Whenever I hear people discussing GNU/Linux's prospects for becoming more popular, I'm reminded of a comment by Tommy Douglas, the social democrat who became a hero for introducing universal health care into Canada. If he could press a button and gain a million voters who did not understand his policies, he said, then he would not press that button. He meant that he was not in politics simply to be elected, but to gain supporters for his ideals -- and that he was determined not to lose sight of his long term goals while pursing short term ones.
Here’s the scenario:
1) I wanted an easy way for friends to migrate to Linux (I’m using Ubuntu).
2) Personally, I needed a way that Ubuntu could install itself while I go do something else.
A lot of people complains about Wine looks. But not everyone realizes that one can make it look neat easily. This article preents a few simple tips to convert your default Wine to a special one.
ISO image files (*.iso) are useful things. They were originally developed as a standard for storing data on CD-ROM, and hold not just files but also all their associated data structures as well -- things like directories, file attributes and boot code - which geeks call 'metadata'.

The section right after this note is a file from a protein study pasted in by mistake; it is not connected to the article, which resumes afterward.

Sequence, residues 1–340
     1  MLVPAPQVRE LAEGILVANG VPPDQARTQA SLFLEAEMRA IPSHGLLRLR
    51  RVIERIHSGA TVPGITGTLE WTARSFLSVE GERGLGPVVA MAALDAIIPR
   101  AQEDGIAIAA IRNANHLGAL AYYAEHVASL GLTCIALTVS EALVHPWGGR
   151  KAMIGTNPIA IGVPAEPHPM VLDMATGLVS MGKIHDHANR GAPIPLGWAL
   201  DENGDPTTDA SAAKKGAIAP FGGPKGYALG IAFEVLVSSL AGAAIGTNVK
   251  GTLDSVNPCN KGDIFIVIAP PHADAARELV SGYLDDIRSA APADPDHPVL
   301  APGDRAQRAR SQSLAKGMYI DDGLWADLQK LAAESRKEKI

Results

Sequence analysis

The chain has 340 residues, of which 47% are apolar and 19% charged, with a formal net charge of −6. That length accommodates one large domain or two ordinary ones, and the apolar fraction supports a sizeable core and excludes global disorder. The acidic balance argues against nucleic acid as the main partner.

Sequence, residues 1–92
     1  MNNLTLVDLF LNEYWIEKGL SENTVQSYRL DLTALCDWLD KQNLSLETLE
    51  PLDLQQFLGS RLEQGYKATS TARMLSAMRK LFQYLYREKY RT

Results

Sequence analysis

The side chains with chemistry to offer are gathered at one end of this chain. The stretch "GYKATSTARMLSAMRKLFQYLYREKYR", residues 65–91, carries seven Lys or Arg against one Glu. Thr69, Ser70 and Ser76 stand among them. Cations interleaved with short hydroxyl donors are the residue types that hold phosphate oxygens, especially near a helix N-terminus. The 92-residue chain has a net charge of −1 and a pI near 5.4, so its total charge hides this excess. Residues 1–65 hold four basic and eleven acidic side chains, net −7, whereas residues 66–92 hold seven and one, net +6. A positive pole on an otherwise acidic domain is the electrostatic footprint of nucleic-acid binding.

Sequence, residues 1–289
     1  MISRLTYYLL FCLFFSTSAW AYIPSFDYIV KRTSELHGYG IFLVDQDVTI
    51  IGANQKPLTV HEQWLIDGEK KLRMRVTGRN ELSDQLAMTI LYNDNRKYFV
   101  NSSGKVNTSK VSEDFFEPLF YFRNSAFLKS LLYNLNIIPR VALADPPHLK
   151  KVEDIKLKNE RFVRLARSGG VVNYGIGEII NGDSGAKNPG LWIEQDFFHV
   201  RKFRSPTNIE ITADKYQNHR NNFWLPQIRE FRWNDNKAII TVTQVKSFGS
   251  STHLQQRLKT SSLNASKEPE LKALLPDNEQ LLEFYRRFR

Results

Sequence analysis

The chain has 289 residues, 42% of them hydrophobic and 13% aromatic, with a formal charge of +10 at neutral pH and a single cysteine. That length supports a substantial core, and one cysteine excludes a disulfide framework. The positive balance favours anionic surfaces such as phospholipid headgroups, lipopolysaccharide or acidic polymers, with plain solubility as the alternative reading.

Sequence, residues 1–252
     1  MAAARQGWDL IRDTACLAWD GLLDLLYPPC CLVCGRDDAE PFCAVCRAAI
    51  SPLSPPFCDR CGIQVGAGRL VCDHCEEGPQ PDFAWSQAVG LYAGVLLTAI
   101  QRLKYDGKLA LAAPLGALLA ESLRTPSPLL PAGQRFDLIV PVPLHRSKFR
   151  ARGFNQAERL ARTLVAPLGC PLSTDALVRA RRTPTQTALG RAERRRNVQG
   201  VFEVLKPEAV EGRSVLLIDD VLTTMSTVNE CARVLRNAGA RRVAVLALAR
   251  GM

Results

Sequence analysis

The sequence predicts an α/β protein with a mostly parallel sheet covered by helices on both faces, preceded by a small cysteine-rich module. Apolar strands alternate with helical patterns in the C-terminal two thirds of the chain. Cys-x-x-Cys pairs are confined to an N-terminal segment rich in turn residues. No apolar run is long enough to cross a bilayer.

Services like Flickr and Picasa seems like an obvious way to share your photos with the world. But if you are the do-it-yourself type and prefer to share your photos from the convenience of your own server, give Pixelpost a try. This MySQL/PHP-based application allows you to publish a photoblog and tweak it any way you like. Better yet, you can extend Pixelpost's functionality via addons, so you can turn your basic photoblog into a powerful photo publishing platform.
Linux has proved to be much more resistant to malware than Windows, especially when it comes to viral infections, but any remote exploit makes it just as susceptible to worms, trojans, and rootkits as any other platform. Given all the fuss in the news recently about compromised Linux/Apache servers being responsible for infecting Windows users with malware when they visit those compromised sites, we thought it would be a good time to take a look at three of the best rootkit/malware detection tools available for Linux desktop and SOHO users. Here's a brief comparison of three popular choices: Chkrootkit, Rootkit Hunter, and Ossec.